March 5, 2004
We Continue Our Day with a Downtown Walking Tour and a Visit to the L.A. Central Library
We did not get a close look at the Walt Disney Concert Hall. It was up a hill from where we were walking so we settled for this rather pleasant view. However, we saw a lot of other interesting things during our Downtown History Walk.
We stopped in one of the most famous (and beautiful) structures in Downtown Los Angeles, the venerable 1893 Bradbury Building.

We explored the lobby to get a better look at the wrought iron and Italian marble.

We continued our tour along Broadway and eventually reached the Bridal District. There are wedding chapels here where ceremonies can be performed over lunch hour for under $200. The place we went into has several mini-chapels. According to an employee, they conduct 60 wedding ceremonies on a busy Saturday.

We briefly rested in one of the small chapels.

We wound up at the bustling Grand Central Market, a Downtown fixture since 1917. It was our lunch stop.

(There IS prepared food here. MC101s did not have to eat dried pinto beans for lunch.)

Here is another view of the Grand Central Market. It has been restored to look the way it did in the 1930s, when the widespread use of neon was considered innovative.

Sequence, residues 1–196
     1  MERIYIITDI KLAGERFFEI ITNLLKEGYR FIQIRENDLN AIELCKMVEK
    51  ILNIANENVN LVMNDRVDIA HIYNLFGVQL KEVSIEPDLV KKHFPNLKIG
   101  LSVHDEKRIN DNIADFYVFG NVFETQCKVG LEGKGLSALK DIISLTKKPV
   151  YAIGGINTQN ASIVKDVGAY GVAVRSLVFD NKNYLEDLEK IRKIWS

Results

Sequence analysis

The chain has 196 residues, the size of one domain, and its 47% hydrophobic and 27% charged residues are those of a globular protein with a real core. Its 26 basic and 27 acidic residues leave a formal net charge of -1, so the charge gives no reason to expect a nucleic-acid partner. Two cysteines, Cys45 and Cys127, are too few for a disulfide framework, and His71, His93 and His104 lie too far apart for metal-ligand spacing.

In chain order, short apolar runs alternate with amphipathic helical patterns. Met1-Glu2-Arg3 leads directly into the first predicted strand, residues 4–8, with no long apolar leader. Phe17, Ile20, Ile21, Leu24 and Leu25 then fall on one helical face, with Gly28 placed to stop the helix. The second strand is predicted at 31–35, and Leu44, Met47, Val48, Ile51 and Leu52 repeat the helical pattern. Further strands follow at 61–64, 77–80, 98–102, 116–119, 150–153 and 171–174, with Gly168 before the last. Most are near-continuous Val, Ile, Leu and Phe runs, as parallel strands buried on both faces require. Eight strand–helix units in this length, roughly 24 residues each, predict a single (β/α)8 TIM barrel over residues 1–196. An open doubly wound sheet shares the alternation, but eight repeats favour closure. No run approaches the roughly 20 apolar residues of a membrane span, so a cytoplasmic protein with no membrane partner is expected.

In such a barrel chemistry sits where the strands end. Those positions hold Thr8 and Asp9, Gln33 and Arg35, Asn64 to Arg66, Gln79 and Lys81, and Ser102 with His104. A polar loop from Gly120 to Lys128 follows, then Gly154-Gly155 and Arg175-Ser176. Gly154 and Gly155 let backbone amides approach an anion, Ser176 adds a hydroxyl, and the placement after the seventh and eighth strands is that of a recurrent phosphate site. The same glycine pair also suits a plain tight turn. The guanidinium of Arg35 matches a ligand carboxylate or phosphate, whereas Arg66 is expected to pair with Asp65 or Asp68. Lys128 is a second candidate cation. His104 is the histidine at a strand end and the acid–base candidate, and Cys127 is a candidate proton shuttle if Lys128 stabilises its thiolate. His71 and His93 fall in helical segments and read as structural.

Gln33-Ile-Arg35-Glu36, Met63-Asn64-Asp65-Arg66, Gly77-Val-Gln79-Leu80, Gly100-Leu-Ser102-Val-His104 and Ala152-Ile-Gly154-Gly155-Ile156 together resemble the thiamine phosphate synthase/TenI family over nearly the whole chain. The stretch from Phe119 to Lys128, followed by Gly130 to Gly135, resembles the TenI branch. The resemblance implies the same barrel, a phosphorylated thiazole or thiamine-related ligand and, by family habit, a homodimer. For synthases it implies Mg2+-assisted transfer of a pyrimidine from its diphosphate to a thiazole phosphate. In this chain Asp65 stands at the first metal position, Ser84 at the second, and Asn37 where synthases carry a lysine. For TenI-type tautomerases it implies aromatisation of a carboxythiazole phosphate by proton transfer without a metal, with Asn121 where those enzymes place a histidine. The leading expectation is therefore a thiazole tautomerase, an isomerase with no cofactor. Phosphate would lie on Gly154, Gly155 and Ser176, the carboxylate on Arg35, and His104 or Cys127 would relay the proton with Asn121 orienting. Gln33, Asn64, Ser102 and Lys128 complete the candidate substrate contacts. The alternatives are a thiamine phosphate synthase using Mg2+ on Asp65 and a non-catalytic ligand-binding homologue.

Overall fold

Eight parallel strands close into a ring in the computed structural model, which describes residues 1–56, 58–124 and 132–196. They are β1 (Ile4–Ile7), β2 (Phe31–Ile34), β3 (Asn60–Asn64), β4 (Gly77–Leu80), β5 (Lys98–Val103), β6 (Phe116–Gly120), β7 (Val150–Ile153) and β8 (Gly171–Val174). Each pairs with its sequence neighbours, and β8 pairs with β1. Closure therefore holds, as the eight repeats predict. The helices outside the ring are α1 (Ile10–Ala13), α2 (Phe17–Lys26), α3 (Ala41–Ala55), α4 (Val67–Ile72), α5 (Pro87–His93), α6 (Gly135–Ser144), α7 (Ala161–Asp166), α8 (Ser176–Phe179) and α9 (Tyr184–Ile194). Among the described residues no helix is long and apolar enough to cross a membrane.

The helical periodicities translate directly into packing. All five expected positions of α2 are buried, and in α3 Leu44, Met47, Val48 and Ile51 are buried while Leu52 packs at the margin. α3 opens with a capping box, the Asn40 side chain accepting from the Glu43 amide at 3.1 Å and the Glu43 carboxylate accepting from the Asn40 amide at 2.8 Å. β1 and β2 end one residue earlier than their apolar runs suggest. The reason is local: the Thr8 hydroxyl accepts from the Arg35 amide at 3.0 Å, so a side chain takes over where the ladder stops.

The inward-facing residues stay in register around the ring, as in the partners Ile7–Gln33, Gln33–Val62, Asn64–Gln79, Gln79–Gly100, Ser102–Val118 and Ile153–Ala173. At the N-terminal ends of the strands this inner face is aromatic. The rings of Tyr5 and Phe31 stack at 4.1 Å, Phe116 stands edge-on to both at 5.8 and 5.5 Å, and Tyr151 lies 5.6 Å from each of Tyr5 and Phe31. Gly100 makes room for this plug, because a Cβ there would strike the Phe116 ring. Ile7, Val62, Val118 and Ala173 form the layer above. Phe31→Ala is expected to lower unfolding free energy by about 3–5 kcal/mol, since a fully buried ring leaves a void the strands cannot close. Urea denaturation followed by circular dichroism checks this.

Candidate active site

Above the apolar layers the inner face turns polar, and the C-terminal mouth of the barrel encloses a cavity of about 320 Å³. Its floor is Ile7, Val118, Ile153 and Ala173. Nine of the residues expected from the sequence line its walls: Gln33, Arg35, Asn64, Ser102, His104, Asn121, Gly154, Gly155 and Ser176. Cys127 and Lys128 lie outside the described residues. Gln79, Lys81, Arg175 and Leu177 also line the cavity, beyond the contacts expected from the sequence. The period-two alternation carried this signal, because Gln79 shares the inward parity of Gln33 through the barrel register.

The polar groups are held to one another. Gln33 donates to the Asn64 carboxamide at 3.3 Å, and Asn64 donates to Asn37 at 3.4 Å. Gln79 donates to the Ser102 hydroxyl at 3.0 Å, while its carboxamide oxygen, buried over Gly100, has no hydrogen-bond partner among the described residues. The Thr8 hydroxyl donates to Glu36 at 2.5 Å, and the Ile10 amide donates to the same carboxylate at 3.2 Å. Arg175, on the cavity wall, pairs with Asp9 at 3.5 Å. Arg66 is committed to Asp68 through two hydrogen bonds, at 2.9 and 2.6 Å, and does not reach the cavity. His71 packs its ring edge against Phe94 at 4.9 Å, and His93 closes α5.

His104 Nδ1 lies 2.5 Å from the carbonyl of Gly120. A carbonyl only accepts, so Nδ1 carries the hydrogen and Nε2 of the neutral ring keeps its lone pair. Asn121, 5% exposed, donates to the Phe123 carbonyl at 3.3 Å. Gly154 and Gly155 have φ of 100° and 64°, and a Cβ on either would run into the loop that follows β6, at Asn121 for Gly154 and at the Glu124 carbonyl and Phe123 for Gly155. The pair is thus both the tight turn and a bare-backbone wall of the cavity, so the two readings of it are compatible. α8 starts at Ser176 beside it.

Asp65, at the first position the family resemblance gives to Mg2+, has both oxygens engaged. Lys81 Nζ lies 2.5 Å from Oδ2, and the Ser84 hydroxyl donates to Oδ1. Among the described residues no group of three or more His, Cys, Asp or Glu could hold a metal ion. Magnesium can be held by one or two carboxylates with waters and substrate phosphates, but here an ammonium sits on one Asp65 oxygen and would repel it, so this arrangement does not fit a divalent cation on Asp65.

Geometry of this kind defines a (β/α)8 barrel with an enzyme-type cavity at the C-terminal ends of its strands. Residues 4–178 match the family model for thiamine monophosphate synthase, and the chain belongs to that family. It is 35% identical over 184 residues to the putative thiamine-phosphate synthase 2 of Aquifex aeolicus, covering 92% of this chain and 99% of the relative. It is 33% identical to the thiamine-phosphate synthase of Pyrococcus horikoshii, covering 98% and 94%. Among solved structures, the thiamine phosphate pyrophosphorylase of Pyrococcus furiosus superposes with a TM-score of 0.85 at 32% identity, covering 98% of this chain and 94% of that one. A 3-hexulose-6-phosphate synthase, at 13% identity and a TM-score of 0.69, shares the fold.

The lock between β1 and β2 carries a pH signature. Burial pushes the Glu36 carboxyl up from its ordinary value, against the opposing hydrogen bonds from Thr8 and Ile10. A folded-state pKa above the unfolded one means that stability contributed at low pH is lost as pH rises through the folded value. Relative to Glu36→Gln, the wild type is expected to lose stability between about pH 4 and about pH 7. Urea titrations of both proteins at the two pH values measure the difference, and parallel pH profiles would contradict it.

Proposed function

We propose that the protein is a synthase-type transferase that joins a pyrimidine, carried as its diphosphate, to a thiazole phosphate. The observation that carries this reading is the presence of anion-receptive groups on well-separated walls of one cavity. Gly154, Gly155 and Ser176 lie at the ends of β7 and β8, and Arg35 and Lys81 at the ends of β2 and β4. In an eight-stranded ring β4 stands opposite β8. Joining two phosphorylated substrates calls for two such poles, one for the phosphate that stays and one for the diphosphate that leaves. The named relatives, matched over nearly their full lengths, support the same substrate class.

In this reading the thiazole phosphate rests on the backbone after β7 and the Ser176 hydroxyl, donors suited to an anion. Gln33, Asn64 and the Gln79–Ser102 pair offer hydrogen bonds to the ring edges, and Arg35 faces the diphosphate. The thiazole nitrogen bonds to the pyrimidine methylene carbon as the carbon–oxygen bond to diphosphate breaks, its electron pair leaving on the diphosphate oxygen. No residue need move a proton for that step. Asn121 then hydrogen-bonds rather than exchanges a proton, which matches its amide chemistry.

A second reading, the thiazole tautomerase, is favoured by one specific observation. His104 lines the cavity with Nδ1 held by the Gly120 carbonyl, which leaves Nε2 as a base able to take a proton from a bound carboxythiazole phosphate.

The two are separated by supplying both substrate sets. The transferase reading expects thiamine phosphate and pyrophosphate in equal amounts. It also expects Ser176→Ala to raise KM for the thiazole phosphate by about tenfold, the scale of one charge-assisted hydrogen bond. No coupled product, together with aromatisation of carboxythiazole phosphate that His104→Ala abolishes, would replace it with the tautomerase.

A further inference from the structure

On to the library...

The Los Angeles Central Library challenges a lot of assumptions about public libraries. One of those assumptions is that they are entirely indoor facilities. Part of the joy of the Central Library is its pleasant MacGuire Garden. 

The garden was the meeting place for our afternoon field trip. The MC101s are studying their assignment sheets.


Here is a marker that tells passers-by a bit more about the library and its history.
MC101s roamed all over the library looking for information for their field trip assignment. One of the library's more interesting departments is TeenScape, an area for teenagers.
The library has, among its many features, an art gallery with revolving exhibitions on the Second Floor. There was a fine exhibition of photographs taken in Paris during the 1940s and 50s.

Ironically, photography was not allowed in the gallery.

In addition, this new wing of the L.A. Public Library is a repository of public art. In any event, this library is much more than simply a big building that houses a collection of books.

Take me back to the beginning of the day.